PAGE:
The Chosen Way


Meditation....

Growing interest in the mind-body connection is fueling a major comeback of the ancient practice Yoga, boosted by research suggesting it can reduce stress and blood pressure, improve work performance, even slow effects of aging.

Several techniques are now being taught in mainstream hospitals and businesses; books about them are brisk sellers and discussion groups have sprung up on the Internet.

Even the Army is interested - it has asked the National Academy of Sciences to study meditation and other new age techniques that might enhance soldiers' performance.

Details differ, but a common theme is relaxing the body while keeping the mind alert and focused - on an object, sound, breath or body movement. If the mind wanders - and it always does - you gently bring it back and start again

Stress-related problems account for 60percent to 90percent of U.S. doctor visits, and mind-body approaches often are more effective, and cost-effective, than drugs or surgery. For example, 34percent of infertile patients get pregnant within six months, 70percent of insomniacs become regular sleepers and doctor visits for pain are reduced 36percent.




Breathing and Relaxing

You don't need to fall into the stress mode of life. You can use breath to relax, rather than stress, your mind and body. Yoga helps you to relearn that natural state that your body and mind want to be in: relaxation.

Deep breathing is both calming and energizing. The energy you feel from a few minutes of careful breathe is not nervous or hyper, but that calm, steady energy we all need. Slow, steady, and quiet breathing gives a message to your nervous system: Be calm.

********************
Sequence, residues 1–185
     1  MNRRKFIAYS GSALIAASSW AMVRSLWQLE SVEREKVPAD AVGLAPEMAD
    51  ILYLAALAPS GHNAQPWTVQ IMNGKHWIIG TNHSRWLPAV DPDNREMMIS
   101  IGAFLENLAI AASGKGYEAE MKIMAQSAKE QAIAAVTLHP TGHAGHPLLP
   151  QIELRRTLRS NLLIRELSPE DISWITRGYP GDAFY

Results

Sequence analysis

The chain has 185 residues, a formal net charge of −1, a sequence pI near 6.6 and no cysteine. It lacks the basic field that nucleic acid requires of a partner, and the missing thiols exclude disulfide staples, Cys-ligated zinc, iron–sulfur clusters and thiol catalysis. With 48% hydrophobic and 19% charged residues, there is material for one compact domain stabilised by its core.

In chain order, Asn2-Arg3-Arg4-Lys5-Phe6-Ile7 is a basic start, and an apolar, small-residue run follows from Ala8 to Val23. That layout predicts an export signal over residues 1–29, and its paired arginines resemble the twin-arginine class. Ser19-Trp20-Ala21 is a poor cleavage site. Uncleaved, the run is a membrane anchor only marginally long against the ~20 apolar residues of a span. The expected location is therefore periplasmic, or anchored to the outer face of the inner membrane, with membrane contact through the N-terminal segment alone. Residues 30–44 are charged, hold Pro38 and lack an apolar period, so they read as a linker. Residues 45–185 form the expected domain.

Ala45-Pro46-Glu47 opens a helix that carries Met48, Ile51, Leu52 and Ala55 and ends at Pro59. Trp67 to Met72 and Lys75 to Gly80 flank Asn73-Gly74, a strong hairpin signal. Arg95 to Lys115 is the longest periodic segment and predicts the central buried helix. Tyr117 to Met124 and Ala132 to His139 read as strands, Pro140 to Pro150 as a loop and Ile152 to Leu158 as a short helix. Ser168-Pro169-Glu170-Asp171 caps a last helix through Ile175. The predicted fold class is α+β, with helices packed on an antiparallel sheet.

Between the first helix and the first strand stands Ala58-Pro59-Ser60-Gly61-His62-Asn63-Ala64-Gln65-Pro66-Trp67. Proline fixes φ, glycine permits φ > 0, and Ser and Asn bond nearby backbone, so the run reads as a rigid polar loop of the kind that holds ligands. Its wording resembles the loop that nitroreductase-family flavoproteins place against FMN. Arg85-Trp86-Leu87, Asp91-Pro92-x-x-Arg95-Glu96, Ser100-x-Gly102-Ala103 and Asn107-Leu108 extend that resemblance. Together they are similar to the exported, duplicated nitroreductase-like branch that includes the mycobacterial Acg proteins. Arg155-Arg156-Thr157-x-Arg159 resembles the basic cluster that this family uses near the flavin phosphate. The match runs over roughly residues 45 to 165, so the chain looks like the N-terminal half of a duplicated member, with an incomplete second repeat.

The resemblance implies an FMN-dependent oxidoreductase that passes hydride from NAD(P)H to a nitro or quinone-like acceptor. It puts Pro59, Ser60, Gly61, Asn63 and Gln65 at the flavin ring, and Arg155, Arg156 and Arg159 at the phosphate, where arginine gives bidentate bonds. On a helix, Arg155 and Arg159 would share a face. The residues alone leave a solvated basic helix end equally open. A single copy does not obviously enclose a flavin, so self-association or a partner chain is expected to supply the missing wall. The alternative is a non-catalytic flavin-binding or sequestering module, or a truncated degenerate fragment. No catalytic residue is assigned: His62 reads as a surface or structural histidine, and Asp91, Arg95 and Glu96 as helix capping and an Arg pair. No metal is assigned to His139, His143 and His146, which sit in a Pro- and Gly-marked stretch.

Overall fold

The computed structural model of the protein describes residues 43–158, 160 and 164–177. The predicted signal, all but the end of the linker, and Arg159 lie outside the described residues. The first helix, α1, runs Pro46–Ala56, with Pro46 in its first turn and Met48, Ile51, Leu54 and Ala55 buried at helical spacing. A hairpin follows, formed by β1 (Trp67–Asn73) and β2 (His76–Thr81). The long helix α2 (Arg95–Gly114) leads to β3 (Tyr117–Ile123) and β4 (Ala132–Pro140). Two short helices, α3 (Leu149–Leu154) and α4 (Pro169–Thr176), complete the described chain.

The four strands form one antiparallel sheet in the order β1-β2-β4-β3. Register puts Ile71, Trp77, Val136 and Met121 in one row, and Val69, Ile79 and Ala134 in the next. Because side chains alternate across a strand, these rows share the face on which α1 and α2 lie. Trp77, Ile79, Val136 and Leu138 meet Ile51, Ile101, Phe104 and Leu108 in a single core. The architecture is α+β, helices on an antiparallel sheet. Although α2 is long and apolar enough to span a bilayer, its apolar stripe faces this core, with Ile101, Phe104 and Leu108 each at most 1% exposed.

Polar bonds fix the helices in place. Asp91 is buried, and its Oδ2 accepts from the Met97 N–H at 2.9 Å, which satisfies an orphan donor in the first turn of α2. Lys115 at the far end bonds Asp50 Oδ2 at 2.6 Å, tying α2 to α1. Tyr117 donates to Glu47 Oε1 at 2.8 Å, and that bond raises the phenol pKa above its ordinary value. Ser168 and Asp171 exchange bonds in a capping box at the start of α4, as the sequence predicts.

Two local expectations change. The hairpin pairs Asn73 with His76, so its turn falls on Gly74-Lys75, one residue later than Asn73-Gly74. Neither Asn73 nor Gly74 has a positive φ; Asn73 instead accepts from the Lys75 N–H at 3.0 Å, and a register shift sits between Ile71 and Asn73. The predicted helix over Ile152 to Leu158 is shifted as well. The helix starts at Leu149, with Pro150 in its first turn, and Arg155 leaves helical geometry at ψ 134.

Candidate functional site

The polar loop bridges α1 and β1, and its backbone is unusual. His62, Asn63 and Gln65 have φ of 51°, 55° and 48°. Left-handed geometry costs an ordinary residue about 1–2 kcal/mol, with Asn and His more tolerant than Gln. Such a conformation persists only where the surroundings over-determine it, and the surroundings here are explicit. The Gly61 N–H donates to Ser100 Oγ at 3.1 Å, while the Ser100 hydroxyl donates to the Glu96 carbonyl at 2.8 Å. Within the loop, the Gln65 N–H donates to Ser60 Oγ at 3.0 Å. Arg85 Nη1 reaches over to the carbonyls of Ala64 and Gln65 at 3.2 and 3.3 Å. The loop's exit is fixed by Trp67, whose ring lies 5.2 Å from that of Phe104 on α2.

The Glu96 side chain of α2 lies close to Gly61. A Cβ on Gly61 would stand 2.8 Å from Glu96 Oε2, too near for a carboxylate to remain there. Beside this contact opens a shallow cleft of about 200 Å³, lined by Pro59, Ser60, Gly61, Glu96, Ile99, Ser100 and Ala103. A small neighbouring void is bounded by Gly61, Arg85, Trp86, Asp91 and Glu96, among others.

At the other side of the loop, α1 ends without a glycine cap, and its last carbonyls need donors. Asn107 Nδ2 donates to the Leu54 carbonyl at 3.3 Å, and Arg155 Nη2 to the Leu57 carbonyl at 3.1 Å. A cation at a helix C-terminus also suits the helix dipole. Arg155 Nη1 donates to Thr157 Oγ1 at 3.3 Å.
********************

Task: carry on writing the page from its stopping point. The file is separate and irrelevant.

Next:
Whole books have been written on yoga breathing. Here is one 5-minute Breath Break. (Read through the instructions several times before you try the practice.)

1. Sit with your spine as straight as possible. Use a chair if necessary but don't slump into it. Feet flat on the floor with knees directly over the center of your feet. Use a book or cushion under your feet if they do not rest comfortably on the floor. Hands are on the tops of your legs.

2. Close your eyes gently and let them rest behind closed lids.

3. Think about your ribs, at the front, back, and at the sides of your body. Your lungs are behind those ribs.

4. Feel your lungs filling up, your ribs expanding out and up. Feel your lungs emptying, your ribs coming back down and in. Don't push the breath.

5. The first few times you do this, do it for 2 to 3 minutes, then do it for up to 5 to 10 minutes. At first, set aside a time at least once a day to do this. When you learn how good it makes you feel, you'll want to do it at other times as well.

Just as one stressful situation goes into your next challenge, relaxing for a few minutes every day gradually carries over into the rest of your daily life and activities.

A Better Mindfulness Exercise

Sit down, relax and breath deeply through your nose. Let your eyes close and be aware of your breath going in and out. Move your attention to your body, one part at a time, noting sensations of cold, hot, tight, sore and anything else you identify. After a few minutes, start listening to sounds in the room, without thinking about them. Just listen, while still maintaining an awareness of your body and your breath.

In ten minutes or so, or when it feels right, open your eyes and look around as if you are seeing for the first time. Let your eyes rest on an object for half a minute, examining it without talking about it in your mind. Then move to another object, and another, while still maintaining an awareness of your body, your breathing, and any sounds. Just stay in this state of mindfulness for a few minutes, until you are ready to get up.

When you are aware of your body, breath and immediate enviroment, you are more fully "in the moment." Your mind is in a receptive state, with fewer mental distractions that can prevent clear thinking. An exercise like this before important mental tasks will give you greater brain power, specifically more focus and concentration. Today is a good day to learn something new. Why not try one of these mindfulness exercises?



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